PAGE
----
The article presents relations between Old Polish biblical-apocryphal narrations to Church Fathers’ texts. There are numerous questions: which Church Fathers were known to Old Polish authors? What were specific writers’ preferences? Were the choices made by Polish authors different in this respect from the European practice? How were Fathers’ writings translated? Was there any difference in how patristic texts were used compared to other works (canon and non-canon works)? Were Old Polish authors aware that Fathers’ writings were present in texts by other Christian authors? Nonetheless, the two questions I put at the very centre of my research is: 1) what are the writings and the authority of the Church Fathers used for, and what is the purpose of referring to the Fathers; 2) what is the image of the Church Fathers and patristics that is present in the Old Polish authors’ texts.
It is commonly acknowledged that blindness and seeing play an important role in the theology of the Gospel of Mark. Typically, readers interpret “spiritual blindness” as the moral thrust of the discipleship discourse in Mark 8:22–10:52. While the disciples fail to see their teacher as the Christ, blind Bartimaeus appears to identify Jesus as the “Son of David” (10:46–52). However, centering blindness-as-vice not only plays on an unfortunate ableist binary but also renders Mark’s more marginal characters as insignificant. Research on blindness in antiquity demonstrates how socioeconomic status was a leading factor in determining social perceptions of the blind. This article contends that Mark’s Bartimaeus pericope should be read accordingly. Instead of serving as a metaphor for “spiritual blindness,” physically blind characters are raised to the status of insider as a condemnation of mistreatment of the poor—a motif found within the broader terrain of Mark’s moral landscape (6:30–44; 8:1–10; 12:38–44; 14:1–11).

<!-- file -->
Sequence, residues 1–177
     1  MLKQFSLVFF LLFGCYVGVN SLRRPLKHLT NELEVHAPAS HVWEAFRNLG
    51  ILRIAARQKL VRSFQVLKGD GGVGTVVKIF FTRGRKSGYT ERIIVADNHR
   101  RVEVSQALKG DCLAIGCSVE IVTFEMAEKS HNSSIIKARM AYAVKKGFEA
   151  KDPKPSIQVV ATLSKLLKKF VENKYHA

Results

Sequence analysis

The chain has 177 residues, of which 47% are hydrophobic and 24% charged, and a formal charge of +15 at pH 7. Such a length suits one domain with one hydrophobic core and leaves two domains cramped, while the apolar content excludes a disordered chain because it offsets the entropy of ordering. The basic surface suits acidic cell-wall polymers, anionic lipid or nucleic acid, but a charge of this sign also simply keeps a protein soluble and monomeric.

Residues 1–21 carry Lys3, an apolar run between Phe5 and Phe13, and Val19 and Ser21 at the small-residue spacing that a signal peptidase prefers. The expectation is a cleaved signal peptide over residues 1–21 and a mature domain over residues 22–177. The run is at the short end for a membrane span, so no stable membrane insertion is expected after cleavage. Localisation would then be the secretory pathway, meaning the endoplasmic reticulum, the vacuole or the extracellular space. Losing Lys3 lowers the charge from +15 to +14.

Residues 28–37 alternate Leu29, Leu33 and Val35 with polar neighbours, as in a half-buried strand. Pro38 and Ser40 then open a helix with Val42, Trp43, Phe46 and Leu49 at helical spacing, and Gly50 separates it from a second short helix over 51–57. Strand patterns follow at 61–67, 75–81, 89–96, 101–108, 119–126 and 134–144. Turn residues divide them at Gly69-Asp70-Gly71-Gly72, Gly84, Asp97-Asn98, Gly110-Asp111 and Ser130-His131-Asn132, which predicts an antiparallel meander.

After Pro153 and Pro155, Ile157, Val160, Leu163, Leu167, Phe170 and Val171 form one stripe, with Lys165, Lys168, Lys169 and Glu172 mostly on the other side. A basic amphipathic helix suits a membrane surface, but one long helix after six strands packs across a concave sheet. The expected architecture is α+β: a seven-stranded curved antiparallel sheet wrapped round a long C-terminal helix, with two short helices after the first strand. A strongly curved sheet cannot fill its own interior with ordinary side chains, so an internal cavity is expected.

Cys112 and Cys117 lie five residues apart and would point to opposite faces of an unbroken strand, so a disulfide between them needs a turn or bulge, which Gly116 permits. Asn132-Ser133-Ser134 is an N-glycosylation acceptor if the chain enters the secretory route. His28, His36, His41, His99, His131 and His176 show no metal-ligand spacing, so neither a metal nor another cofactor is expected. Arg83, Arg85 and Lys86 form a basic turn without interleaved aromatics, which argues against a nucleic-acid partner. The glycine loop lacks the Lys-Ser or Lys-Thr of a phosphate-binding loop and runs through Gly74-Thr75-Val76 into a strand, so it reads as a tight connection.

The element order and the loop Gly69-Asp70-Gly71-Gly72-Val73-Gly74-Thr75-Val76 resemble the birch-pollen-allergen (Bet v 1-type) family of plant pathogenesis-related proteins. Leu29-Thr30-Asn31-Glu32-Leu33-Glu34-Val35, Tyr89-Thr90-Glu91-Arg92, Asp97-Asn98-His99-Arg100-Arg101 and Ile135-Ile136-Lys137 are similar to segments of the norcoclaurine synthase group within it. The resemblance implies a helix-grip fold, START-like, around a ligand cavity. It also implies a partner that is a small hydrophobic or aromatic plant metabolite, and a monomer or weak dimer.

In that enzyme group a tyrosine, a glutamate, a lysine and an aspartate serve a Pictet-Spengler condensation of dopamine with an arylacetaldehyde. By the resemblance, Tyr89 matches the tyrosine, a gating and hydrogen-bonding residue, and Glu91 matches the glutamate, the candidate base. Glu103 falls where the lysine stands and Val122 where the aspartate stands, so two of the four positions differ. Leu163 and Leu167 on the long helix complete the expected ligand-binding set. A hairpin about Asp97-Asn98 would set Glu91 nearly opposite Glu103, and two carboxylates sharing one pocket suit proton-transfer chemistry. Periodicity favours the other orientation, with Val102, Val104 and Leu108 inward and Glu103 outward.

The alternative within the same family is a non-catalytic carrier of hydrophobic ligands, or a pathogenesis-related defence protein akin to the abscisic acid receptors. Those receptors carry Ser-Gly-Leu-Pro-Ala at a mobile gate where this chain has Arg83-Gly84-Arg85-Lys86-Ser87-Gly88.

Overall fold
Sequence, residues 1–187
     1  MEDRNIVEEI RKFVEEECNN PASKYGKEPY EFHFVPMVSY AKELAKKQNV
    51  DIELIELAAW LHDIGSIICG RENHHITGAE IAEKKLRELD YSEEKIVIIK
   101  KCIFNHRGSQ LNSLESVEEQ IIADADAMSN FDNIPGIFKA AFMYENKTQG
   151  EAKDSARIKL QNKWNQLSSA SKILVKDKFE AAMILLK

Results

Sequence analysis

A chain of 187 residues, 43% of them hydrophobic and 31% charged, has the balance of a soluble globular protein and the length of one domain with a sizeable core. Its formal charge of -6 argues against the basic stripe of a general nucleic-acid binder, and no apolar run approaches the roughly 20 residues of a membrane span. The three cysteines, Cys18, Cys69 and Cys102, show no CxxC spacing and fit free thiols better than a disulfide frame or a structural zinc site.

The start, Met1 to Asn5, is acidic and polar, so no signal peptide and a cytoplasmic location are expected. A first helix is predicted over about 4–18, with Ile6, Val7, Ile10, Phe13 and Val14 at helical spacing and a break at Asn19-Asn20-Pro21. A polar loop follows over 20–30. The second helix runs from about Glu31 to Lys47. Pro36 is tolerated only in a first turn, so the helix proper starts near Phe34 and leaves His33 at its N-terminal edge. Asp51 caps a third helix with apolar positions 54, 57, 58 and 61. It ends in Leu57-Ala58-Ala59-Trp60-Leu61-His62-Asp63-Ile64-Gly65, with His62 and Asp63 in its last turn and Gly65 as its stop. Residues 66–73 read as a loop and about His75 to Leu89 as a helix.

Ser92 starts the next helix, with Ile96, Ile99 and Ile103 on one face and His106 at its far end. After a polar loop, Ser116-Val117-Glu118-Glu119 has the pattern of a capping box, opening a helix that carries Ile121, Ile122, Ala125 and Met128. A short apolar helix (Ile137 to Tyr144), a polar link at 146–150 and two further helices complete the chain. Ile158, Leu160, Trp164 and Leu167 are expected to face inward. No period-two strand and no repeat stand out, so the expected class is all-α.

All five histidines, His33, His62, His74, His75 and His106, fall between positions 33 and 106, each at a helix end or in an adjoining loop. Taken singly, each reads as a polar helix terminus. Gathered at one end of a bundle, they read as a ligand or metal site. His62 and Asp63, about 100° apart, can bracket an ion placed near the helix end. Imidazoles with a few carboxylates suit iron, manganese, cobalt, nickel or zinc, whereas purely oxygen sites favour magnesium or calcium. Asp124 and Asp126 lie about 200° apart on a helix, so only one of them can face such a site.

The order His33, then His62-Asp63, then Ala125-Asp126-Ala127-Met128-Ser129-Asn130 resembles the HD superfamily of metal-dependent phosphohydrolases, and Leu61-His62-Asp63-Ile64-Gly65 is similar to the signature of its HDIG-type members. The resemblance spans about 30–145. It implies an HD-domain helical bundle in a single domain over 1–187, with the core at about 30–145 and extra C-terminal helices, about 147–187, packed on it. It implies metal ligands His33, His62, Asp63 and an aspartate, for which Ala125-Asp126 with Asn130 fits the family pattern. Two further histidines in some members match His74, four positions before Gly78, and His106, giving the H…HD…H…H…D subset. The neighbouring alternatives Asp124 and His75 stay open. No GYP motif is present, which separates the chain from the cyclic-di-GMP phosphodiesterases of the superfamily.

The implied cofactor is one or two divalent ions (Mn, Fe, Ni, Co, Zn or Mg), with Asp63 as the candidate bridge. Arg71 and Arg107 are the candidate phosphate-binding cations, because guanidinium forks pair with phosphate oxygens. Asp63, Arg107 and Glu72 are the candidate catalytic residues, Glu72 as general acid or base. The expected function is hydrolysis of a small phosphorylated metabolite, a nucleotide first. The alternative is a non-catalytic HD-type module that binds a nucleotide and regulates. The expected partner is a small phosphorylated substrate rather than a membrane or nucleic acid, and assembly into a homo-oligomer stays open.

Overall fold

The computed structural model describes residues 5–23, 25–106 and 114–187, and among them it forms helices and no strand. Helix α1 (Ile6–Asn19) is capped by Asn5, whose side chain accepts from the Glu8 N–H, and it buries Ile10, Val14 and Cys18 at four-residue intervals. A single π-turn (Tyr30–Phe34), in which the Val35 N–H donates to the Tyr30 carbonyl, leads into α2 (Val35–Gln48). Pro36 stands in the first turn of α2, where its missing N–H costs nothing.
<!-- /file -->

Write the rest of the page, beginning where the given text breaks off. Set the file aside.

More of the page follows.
Ecological issues are not just planet-related issues; they are also people-related issues, and vice versa, as the UN’s 2030 Agenda implies. Hence, ecological aspects in biblical studies should also be studied in relation to social justice, whether this be liberation from oppression, indigenous rights, postcolonialism/neo-colonialism, gender, health, poverty or other. I propose sustainability hermeneutics as the name of an approach which combines perspectives on the environment (ecology), equity (society) and economy. In this article, I emphasise theoretical aspects in developing this new approach, as I discuss different definitions of sustainability and aspects of sustainability theory and show how these may be applied to hermeneutics. I clarify the aims and contributions of sustainability hermeneutics and suggest possible methods and potential material. As an illustration, I present a case study of sustainability hermeneutics applied to a biblical text.